By Jay Ferguson, Louisville Water Museum Specialist
Fifty years ago, Archie, the star chimpanzee, and his simian companions performed balancing acts, walked on stilts, and rode bicycles and ponies to the delight of the many visitors to the newly opened Louisville Zoological Garden. The free 30-minute show was offered twice daily and three times on Sundays. Opening full-time in May 1969 with only 250 animals, the zoo was a far cry from today’s Louisville Zoo.
Louisville Water’s ongoing association with the zoo dates back more than 50 years. Neil Dalton, then Louisville Water’s president, was one of the original ten members of the Louisville Zoological Commission, founded in 1963.
Louisville’s history is marked with several attempts at zoological gardens. The first appears as early as 1876 and was in business until at least 1893. Little more than a decade later, in 1906, Edward Baumeister hoped to start a zoo to train exotic animals. A short-lived effort at another attempt to start a zoo started in 1923 but seems to have fizzled out the next year.
Then, after the conclusion of World War II, a series of concerted efforts began that appear to lead into today’s Louisville Zoo. Only a few months after the end of war, a new proposal for a zoo was presented. By the early 1950s, a site was even chosen:
George Rogers Clark Park was deemed a good place for the zoo. By the end of the decade, talks either continued or were revived once again for a zoo.
During an era of civic improvement, the effort finally took hold. Mayor Charles Farnsley backed a zoo with the advisory council forming in January 1963 to lead the way. In just a year, the master plan was completed, and construction on the facility began in 1965. Soon after, Louisville Water laid two 8-inch water lines into the zoo: one connection coming off Illinois Avenue and the other coming from Trevilian Way. The pipe made a circuit around and through the zoo with at least 24 individual meters to measure the facility’s water usage.
Over the years, the zoo underwent many changes. It enlarged its educational offerings, added new animals, and became more sophisticated in its care of these animals. Possibly due to expansion issues, some meters were located dangerously near, if not within, some of the animal enclosures, at times making it difficult and risky for meter readers.
Rick Keene, a Louisville Water retiree, read meters at the zoo for ten years. He recalled that a few meters were quite close to the animal enclosures. One meter was about a foot away from the inside fence for “an antelope-type animal.” Keene described it as “the size of a horse, larger than an elk and with straight horns.”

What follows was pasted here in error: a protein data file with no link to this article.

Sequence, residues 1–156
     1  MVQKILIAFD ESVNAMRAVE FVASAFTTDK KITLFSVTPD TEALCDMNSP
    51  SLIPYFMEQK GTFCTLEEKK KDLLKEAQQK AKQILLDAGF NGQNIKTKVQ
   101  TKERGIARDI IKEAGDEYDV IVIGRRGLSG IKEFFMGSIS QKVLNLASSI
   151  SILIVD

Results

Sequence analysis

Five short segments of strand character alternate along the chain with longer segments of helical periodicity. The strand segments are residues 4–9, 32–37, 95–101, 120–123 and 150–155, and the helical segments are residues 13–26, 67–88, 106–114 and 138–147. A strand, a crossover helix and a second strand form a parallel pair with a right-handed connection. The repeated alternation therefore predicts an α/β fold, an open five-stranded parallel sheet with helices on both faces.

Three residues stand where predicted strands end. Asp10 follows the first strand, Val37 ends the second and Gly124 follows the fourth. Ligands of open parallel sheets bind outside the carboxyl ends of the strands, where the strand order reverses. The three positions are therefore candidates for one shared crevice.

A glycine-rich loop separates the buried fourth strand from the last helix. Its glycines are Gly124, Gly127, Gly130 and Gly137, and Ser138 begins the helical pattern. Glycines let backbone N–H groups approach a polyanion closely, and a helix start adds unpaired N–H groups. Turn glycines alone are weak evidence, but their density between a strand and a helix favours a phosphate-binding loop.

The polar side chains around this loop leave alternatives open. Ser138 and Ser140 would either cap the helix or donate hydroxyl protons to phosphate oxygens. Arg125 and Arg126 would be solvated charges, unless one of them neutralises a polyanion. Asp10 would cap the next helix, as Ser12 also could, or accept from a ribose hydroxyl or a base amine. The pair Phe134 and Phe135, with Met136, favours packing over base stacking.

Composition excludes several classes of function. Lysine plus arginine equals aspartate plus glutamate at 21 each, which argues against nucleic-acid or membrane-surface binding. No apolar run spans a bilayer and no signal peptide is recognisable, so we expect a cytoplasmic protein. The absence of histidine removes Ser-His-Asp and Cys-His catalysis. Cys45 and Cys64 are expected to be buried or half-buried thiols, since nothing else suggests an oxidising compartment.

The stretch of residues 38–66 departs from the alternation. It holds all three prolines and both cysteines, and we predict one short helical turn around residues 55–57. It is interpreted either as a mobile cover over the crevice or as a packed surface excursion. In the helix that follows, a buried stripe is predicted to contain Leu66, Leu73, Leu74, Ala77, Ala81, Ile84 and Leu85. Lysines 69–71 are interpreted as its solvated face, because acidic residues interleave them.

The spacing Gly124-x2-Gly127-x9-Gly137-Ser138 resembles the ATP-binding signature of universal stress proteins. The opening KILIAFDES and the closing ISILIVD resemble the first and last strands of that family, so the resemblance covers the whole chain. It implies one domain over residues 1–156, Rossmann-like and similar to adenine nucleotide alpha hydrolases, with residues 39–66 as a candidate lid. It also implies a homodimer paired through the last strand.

To read the meter, Keene bent over with his back to the fence. One time, the animal charged. Luckily, Keene caught a glimpse of it and was able to jump out of the way before it hit the fence, bending a pole, which stayed bent for years. Needless to say, Keene never again read that meter with his back toward the fence.
The Louisville Zoo now boasts more than 1,700 animals — many in reconstructed natural habitats. Louisville Water adapted to these changes and responded to the zoological gardens growing needs. Major renovations to the water supply addressed several issues, including pressure concerns and meter reading issues. A third supply main was installed in 2000. At the same time, back-flow preventers and master meters were installed on all three lines, eliminating the problem of reading the many individual meters, which were removed.
Besides addressing water supply concerns, Louisville Water — with its educational and pure tap programs — has been a long-time partner with the zoo. We provide reusable Louisville pure tap® bottles, self-serve coolers, pitchers, and bio-compostable cups for a variety of zoo camps, walks, and runs. For the zoo’s largest fundraising event — Brew at the Zoo and Wine Too! — you’ll find our staff operating a mobile station refreshing guests with a continuous supply of ice-cold pure tap.
Louisville Water’s educators offer interactive learning experiences during the zoo’s Earth Day Celebration, Drinking Water Week and several zoo camps. Last year, Louisville Water branded the zoo’s seven drinking water stations with fun water- and animal-related educational messages. Visit the zoo’s gift shop and you’ll find a co-branded water bottle with the message Drink Water. It’s a Zoo out there!
As the Louisville Zoo celebrates its 50th anniversary, Louisville Water can be proud of its more than 56 years of involvement and support.
And what became of Archie? After the zoo’s original director left, the zoo shifted from a carnival atmosphere to focus on research, conservation, and education. The chimp show ended in the 1970s, and its performers were shipped to the Miami Zoo.